├───.eslintrc.js                    ESLint configuration file
├───.gitignore                      Files that should not be pushed to the repo
├───package.json                    Project scripts, dependencies and metadata
├───snowpack.config.js              Snowpack configuration file
└───tsconfig.json                   Typescript configuration file
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You can remove everything in the public/assets folder. But I recommend you first run the project once and make sure everything is installed and running properly.

Clean and safe

It's focused on keeping the codebase clean and safe, thanks to TypeScript and ESLint.

TypeScript's configuration contains some flags that set some checks like "strict" and "noImplicitAny" to reduce errors. You can always change that in the tsconfig.json file if you prefer different settings.

I also added a prebuild script that uses tsc and ESLint to compile and lint the project before building it to ensure the build is safe to publish.

So when you run npm run build, the prebuild will be executed first and fail if there are errors. This script could be easily executed in a CI pipeline, for example, to make sure you don't merge or deploy the project if there are issues.

ESLint

I added ESLint to keep the codebase clean and consistent. The configuration can be found in .eslint.js in case you want to add your own rules or modify something.

There are also a few scripts I added to the package.json to check for errors or styling issues:

# Print the list of problems found
npm run lint

# Some of the issues can be automatically fixed using:
npm run lint:fix
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Beautiful and classy 🧐🎩

Once you clone the template and install the dependencies, you'll be blessed with this beauty:

Acho the pup bouncing around


If you want to know more about my Game Dev journey, follow me on Instagram or Twitter. I'll be sharing my progress, tips, and tricks, and probably lots of bloopers and fails.

Discussion (7)

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ronancodes profile image
Ronan Connolly 🛠 • Edited

Wonderful!
I created some basic Unity games while in college as well years ago, and I’ve had my eye on Phaser for a while now.

It seems very attractive for TypeScript web devs who want to makes games but not get into a big physics engine like unity or unreal engine.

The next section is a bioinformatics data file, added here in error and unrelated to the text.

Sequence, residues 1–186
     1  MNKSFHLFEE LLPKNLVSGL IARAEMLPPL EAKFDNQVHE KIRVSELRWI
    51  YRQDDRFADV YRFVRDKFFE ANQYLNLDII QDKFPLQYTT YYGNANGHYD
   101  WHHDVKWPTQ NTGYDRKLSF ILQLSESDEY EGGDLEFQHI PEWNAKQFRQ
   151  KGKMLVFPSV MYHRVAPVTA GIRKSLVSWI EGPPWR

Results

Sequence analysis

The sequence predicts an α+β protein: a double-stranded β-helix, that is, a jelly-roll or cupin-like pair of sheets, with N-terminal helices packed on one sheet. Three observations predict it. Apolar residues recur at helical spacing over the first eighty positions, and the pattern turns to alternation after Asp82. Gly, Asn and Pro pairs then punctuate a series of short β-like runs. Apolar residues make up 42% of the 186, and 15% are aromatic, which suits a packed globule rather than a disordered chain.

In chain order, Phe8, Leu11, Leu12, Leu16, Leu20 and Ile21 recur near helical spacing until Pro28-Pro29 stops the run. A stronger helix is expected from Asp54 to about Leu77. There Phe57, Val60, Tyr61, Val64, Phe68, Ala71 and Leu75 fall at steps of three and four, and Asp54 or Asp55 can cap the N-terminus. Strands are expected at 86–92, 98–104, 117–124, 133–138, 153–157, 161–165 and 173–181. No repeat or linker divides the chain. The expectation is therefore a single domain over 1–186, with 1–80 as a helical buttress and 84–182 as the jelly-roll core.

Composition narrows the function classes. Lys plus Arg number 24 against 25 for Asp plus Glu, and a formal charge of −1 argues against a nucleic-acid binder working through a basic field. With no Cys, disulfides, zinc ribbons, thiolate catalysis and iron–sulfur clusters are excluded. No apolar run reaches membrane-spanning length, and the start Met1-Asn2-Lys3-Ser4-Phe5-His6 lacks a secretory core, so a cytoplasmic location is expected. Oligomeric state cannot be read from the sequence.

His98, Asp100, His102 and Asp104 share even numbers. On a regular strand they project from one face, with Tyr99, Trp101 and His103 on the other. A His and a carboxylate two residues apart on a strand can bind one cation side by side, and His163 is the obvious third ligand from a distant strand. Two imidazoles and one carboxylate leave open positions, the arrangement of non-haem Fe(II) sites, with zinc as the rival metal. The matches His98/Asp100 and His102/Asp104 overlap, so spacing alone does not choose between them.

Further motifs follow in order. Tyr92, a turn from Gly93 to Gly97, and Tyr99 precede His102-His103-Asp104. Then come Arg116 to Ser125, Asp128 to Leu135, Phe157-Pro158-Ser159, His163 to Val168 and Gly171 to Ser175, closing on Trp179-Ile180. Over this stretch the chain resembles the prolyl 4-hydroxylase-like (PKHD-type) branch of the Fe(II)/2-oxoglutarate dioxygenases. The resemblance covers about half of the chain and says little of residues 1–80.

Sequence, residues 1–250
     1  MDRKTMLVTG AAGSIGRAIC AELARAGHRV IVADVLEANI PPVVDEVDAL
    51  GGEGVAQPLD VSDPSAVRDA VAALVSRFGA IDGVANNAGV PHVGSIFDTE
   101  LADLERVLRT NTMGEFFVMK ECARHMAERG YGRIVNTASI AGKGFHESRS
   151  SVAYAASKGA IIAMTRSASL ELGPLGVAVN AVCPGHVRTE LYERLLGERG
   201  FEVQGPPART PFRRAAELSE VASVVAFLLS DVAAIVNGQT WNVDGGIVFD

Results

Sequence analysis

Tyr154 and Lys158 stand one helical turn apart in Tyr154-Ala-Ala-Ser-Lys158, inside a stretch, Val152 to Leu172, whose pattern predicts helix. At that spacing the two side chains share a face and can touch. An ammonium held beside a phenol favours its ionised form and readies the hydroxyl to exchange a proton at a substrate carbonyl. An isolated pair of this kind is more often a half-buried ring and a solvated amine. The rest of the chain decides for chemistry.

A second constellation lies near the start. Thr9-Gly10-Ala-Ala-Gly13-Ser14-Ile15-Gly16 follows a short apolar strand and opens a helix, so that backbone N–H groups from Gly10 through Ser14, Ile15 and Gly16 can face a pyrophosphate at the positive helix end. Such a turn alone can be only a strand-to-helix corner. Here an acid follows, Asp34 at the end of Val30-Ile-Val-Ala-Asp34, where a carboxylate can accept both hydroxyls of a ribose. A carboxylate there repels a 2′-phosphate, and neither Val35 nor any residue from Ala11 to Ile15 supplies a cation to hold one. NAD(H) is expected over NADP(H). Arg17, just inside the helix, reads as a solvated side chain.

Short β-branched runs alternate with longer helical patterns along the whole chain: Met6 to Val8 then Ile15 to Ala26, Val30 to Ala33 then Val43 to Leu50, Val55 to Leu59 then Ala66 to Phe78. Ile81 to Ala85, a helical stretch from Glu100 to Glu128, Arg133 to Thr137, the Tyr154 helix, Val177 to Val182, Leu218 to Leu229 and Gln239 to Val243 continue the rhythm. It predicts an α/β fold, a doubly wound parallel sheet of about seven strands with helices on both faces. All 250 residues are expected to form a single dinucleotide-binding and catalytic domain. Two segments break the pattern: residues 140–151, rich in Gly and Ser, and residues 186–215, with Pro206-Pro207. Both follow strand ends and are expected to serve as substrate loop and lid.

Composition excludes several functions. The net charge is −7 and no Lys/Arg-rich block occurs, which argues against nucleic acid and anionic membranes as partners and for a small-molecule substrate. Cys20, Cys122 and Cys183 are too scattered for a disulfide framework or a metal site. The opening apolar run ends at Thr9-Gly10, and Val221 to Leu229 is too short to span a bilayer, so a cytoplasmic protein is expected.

Have you found it more pleasant than Unity now that you’ve been playing with Phaser for a bit now?

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paulasantamaria profile image
Paula Santamaría Author

Honestly, I feel much more comfortable working with Phaser than Unity. I guess it's mainly because it feels closer to my usual work: Everything is handled by code, I can use VSCode, don't have to learn how to use a new IDE, etc.

Of course, Unity is more powerful, and it probably has a bunch of advantages over Phaser as an engine, but since I'm just starting to make games for fun, it's nice to do it in an environment that feels so familiar.

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ronancodes profile image
Ronan Connolly 🛠

100%
This is what is drawing me to Phaser.
You have all these skills you can reuse from the web. It’s great when you can just get stuck in!

Looking forward to seeing a blog post on one of your creations 😎

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lukegarrigan profile image
Luke Garrigan

I made a snake of Achos and thought you should know:
https://codeheir.com/wp-content/uploads/2021/05/acho.gif

Thank you for the blog, I've never done any Phaser programming, gonna dig in!

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paulasantamaria profile image
Paula Santamaría Author

Hi Luke, glad you liked the blog!

I love your creation, but I'm not sure if the world is ready for snake-Acho yet 😂

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priyankark profile image
Priyankar Kumar

Great share! Will check it out

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paulasantamaria profile image
Paula Santamaría Author

Thanks, Priyankar :)